Tip:  These type of niche infographics do especially well with trade publications.

 

Industry Reports

 

This is one of my favorite tactics, I use it on clients all the time and it always, always, always works.  Just ask Rae or Rand or anyone else that culls information from a number of credible sources and produces a research document for an industry, this technique link rocks!

 

When you write an industry report you need to expand your circle of expertise and pull in sources from outside your company.  Be sure to include a definition of your industry, bio’s of the people contributing, historical trends, and outlooks for the future.  Journalists and the people contributing like this and will link to it as a result.  Use your survey results to support trends, and/or a SWOT analysis so your company remains a focal point in the report.

 

Simple Actions, Powerful Marketing

 

A promotion like this doesn’t have to run offline, you can do the same thing for your online business by creating a promotion and launching it through confirmation emails, product announcements or any other type of email contact you make with established customers.

 

The key phrase here is “established customers”; I wouldn’t run a survey promotion off a website,  you can’t be sure the people filling out the survey have actually used your product.   Granted,  I can’t be sure the people providing feedback through the strawberry promotion used the product but chances are they have since the special offer can only be found on the bottom of a berry container.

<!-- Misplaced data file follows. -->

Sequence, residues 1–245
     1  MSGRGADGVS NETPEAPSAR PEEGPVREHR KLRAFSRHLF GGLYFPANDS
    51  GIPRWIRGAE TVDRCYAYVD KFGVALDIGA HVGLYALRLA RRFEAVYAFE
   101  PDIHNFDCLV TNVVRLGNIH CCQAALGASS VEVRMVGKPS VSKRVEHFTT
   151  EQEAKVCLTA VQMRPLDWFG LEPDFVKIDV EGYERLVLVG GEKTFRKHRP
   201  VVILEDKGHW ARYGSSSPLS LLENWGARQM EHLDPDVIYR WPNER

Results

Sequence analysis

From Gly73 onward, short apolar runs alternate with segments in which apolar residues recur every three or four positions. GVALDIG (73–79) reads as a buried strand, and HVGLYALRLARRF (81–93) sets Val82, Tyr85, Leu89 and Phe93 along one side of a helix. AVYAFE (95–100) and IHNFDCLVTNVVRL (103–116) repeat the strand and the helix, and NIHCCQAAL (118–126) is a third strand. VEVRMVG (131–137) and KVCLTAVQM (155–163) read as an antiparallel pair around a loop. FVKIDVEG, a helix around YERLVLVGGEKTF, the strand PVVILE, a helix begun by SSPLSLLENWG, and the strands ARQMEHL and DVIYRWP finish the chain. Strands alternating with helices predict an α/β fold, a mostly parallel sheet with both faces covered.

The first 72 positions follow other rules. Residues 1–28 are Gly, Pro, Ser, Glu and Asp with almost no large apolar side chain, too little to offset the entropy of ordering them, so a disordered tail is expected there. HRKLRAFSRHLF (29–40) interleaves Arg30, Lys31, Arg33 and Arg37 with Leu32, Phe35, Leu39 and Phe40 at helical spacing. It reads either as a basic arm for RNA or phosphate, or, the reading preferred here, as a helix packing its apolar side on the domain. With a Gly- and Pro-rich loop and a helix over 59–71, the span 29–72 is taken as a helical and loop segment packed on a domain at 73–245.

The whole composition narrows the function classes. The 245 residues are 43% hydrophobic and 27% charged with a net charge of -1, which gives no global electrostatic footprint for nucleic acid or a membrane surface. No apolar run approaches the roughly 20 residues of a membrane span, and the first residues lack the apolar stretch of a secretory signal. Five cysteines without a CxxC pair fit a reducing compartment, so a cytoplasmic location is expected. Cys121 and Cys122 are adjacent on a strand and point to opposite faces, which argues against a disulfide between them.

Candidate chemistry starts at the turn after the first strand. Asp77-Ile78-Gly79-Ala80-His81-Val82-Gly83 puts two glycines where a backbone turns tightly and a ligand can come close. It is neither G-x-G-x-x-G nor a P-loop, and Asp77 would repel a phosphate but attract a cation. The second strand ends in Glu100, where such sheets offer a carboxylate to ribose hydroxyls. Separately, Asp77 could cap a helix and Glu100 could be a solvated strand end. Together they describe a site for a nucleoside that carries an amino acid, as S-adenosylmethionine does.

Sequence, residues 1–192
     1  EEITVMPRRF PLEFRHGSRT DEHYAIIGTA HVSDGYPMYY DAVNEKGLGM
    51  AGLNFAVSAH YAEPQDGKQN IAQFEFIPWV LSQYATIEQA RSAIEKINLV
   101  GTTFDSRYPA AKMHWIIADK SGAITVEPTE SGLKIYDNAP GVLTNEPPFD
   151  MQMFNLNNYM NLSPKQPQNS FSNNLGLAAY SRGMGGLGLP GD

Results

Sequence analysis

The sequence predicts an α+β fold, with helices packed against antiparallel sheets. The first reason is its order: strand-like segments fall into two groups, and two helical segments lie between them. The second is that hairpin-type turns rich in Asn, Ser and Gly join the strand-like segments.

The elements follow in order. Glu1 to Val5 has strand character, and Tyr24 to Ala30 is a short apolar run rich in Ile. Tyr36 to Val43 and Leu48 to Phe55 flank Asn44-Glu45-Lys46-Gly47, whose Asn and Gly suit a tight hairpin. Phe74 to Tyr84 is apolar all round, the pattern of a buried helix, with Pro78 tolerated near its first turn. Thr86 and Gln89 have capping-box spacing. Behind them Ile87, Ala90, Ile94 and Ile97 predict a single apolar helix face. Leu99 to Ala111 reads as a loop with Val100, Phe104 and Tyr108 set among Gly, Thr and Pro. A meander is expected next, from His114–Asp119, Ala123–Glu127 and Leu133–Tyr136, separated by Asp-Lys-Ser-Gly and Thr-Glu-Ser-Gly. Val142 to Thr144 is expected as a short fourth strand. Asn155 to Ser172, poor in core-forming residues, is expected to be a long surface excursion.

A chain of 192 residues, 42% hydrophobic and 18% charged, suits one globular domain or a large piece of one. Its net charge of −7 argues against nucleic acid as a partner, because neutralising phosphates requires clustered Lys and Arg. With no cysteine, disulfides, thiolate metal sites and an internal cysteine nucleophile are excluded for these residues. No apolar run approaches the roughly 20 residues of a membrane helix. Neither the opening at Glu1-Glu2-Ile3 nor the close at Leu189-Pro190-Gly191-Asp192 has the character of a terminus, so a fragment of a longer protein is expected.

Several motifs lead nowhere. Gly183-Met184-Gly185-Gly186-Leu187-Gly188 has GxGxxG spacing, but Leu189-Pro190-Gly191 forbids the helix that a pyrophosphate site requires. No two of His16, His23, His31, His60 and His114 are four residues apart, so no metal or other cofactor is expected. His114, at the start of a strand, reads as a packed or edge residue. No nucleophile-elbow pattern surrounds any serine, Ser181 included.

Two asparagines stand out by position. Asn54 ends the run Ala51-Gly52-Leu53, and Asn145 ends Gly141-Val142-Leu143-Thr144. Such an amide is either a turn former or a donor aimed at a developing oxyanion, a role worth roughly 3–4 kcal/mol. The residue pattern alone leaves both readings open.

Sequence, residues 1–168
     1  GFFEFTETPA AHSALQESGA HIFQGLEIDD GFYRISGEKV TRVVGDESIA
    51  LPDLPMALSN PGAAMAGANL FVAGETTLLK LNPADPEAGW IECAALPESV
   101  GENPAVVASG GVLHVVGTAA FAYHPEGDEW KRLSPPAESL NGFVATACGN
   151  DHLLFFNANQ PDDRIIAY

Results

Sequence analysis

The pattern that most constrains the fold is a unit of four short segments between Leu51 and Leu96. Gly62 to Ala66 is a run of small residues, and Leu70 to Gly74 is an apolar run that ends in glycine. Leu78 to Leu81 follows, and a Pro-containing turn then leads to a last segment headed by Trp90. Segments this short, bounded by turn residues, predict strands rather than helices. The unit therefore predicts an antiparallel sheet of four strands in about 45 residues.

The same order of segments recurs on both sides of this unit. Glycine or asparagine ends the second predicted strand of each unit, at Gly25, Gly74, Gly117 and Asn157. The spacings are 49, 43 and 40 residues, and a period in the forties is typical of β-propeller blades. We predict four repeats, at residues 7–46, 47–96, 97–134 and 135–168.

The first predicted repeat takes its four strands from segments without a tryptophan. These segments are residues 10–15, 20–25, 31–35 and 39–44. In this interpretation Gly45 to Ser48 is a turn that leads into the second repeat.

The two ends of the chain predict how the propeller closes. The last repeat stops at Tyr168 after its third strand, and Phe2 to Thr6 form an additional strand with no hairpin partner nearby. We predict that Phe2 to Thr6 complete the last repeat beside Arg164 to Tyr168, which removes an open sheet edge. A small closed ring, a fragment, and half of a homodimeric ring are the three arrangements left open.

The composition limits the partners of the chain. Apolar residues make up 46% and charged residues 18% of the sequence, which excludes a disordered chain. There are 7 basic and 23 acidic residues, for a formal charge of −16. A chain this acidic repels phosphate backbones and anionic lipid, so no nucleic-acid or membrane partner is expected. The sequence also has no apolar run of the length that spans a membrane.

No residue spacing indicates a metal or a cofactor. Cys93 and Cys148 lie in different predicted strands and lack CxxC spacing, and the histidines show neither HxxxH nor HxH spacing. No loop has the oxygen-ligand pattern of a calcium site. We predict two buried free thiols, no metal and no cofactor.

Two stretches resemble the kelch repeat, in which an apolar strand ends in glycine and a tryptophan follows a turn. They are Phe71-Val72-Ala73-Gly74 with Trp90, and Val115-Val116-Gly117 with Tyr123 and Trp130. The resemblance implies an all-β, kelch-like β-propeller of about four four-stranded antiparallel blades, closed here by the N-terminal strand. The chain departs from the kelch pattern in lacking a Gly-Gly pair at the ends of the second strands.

Link building is, and always has been about building links and gaining  trust.  Think about new ways to use factual information and your efforts will pay off in new links, traffic and brand trust.

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Agree or disagree with my assessments? Do you have a tool or topic you want to know more about? Leave a comment and I'll consider it. Thanks for stopping by! ~~Debra

Comments

  1. Seo services says

    The fact that most people are lured by freebies is an attraction on why Driscoll’s survey is done this way.

  2. Jon Ball says

    Thanks for the great post. I always learn great stuff when I read your blog. I’ve never thought about doing a survey and turning it into three types of link bait, that’s brilliant.

  3. Maciej Fita says

    Bottom line, people love free things. We did a promotion in the past for a client to build the newsletter list. We gave out free sticker packs in exchange for your email address and the ability to market to you down the road. 1 single tweet generated 1,000 sticker pack requests in 48 hours. Our inbox took a beating those two days.

  4. says

    Great stuff! After having worked as an SEO in the survey industry for a few years, I agree whole-heartedly that they can be great content fodder for inbound links!

    (PS: I also take full credit for the Driscoll’s survey… it’s my family business, you know. (completely untrue!))